The version number includes the -ALPHA denomination, this has two meanings. The first is that the API published under the jdk.incubator.sql2 namespace isn’t stable and will change in future releases. The other is that the driver itself isn’t tested under production workloads and there will be bugs.

But regardless of that it’s possible to experiment and get a feeling for how the proposed API works.

How to test it out

Here is a complete example of an small REST based webserver application built with Spring Boot.

Or just include the maven dependency in your project:




compile 'org.postgresql:pgadba:0.1.0-ALPHA'

Talk 15 Sept: Functional Embedded Programming on the ESP8266

15/09/18 — sgo


Jonas S Karlsson[1] is a visiting hacker from Hong Kong, and he’s been part of creating hackerspaces in San Fransisco, Sydney, Hong Kong, Shanghai and various makerfaires.

He will show his implementation[2] of a LISP-based, funny functional programming language on the ESP8266 $3 wifi computer.

The talk is not a typical functional type-system theorem proving session, but more about the practical implementation using no-nonsense C, with efficient memory usage. Including a practical demo.

Hope to see you there.

Workshop 10-11 Oct: Build an open source mesh node

28/08/18 — sgo



(10-11 Oct. at Hackeriet, 18:00++, bring a raspi, free)

benhylau from will be in oslo, so we’re going to do a few days of building mesh nodes that work without centralized architecture.

More info: Oslo Mesh Week


  • cjdns, yggdrasil, ipv6
  • ipfs, secure scuttlebutt
  • raspberry pi, wifi, 802.11s

What do I need to bring?

  • laptop
  • (optional) raspberry pi 3b or 3b+ with power adapter


ok. go to #oslohackerspace on Freenode

TODO: post link

LVM in LUKS with encrypted boot and suspend-to-disk

03/05/18 — sshow

LVM in LUKS - lsblk and blkid terminal output



I’ve been wanting to get this working for a long time and in previous attempts I’ve had different issues with it, some of which I encountered this time around as well, but found solutions to. After getting the results I wanted, here are my notes as a guided setup. I’m sure my future self will appreciate this as well.


This setup shows how to set this up for both UEFI and BIOS systems.

Your motivation may be different than mine. I urge you to take a read on what the different security options LUKS might offer you. I am not a security expert, nor do I know a lot about cryptography. This will get you a fully encrypted system (except for the EFI image), but you should do research on your own to figure out just how secure that is.

Please keep in mind that having an encrypted system brings problems of its own. It may, for example, make disk recovery harder in case of a disk failure. No matter what; have your imporant data backed up on a separate disk.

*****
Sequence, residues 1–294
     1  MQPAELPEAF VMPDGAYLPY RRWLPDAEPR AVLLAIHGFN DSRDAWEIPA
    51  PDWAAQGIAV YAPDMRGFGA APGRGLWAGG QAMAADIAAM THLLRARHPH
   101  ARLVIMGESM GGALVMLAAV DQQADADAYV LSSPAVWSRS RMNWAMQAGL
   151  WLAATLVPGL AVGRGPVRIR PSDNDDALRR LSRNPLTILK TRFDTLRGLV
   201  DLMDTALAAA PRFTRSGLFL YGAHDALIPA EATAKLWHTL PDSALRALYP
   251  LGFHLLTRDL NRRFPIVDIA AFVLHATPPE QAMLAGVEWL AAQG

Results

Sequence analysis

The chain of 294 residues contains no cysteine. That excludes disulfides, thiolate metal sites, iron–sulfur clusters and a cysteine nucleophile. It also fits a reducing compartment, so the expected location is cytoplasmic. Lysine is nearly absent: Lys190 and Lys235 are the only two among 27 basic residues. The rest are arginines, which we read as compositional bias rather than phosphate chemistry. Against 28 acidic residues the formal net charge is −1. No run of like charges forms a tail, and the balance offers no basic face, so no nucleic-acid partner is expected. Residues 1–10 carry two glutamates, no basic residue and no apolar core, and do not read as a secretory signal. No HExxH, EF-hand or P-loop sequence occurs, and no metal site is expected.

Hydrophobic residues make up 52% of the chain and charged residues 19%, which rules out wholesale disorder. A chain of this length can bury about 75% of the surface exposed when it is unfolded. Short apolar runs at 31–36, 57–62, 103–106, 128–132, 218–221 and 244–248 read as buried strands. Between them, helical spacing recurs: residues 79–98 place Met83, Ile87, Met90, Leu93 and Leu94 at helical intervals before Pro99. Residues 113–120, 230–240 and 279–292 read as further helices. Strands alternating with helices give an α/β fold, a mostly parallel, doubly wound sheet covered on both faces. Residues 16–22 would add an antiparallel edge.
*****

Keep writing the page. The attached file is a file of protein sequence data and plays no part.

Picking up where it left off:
The steps described don’t include elaborate explanations. I urge you to look up the manpages for the things you don’t understand. It will expose you to new tools and different ways of thinking, and you may even end up remembering how this is done afterwards.

This guide was made while setting up a ThinkPad T470P, a laptop which has an SSD connected through mSATA that produces long device names. The name of my physical disk device is nvme0n1. This is likely equivalent to sda on other systems and OS distributions.

I am setting up an Arch Linux system here. Some steps and tools (and the versions of these tools) might be a little different on other distros.

Desired partitioning scheme may, of course, vary. Sizes of my different partitions are based on my personal usage pattern.

Make sure that your hand-typed password is inside the very first key-slot. This will reduce boot time. GRUB will try each key-slot in turn.

Programs used

Multiple programs are used in the task to make this work. Prepare to get to know these tools just a little bit better.

  • gdisk (gpt partitioning)
  • cryptsetup (LUKS)
  • lvm (logical volume management)
  • grub (bootloader)
  • mkinitcpio (initial ramdisk)


Boot up Arch Linux installation media and follow the official installation procedure up until Partition the disks.

The main storage device you want to use should be backed up before continuing.

You must know whether or not you’re running a UEFI system before continuing. You can determine this by running efivar -l from the Arch installation shell.


Create a new partition table. Don’t exit gdisk until we’re done setting up all of the partitions.

# gdisk /dev/nvme0n1
o (new partition table)
y (confirm)

The next step is determined by whether you are installing on a UEFI or BIOS system.

UEFI: Create en EFI System Partition (ESP). This is the partiton that will contain the EFI image the computer will initially boot from. I’m allocating 512MB to avoid potential disk space issues in the years to come.

n (new partition)
[blank] (default partition number)
[blank] (default start sector)
+512M (last sector)
ef00 (EFI system)


n (new partition)
[blank] (default partition number)
[blank] (default start sector)
+1M (last sector)
ef02 (BIOS boot partition)

BOTH: Create the boot partition. 1GB is (more than) enough to hold multiple kernels. The type of this partition is 8300 – normal Linux filesystem.

n (new partition)
[blank] (default partition number)
[blank] (default start sector)
+1G (last sector)
8300 (Linux filesystem)

Create a partition to hold the LVM. I want this partition to span across the rest of the disk. Subsequent volumes will be created inside this partition with lvm, hence the partition type 8e00.

n (new partition)
[blank] (default partition number)
[blank] (default start sector)
[blank] (last sector (all available space))
8e00 (Linux LVM)

Write changes to disk, then gdisk will exit by itself

w (write changes to disk)
y (confirm write)

Take a look at the current partition table before continuing. One for EFI or BIOS, one for boot and the last one for LVM.

# gdisk -l /dev/nvme0n1
GPT fdisk (gdisk) version 1.0.3

Partition table scan:
  MBR: protective
  BSD: not present
  APM: not present
  GPT: present

Found valid GPT with protective MBR; using GPT.
Disk /dev/nvme0n1: 1000215216 sectors, 476.9 GiB
Sector size (logical/physical): 512/512 bytes
Disk identifier (GUID): 06B4B4F3-38BA-41E3-ADF8-140EC87F194B
Partition table holds up to 128 entries
Main partition table begins at sector 2 and ends at sector 33
First usable sector is 34, last usable sector is 1000215182
Partitions will be aligned on 2048-sector boundaries
Total free space is 2014 sectors (1007.0 KiB)

Number  Start (sector)    End (sector)  Size       Code  Name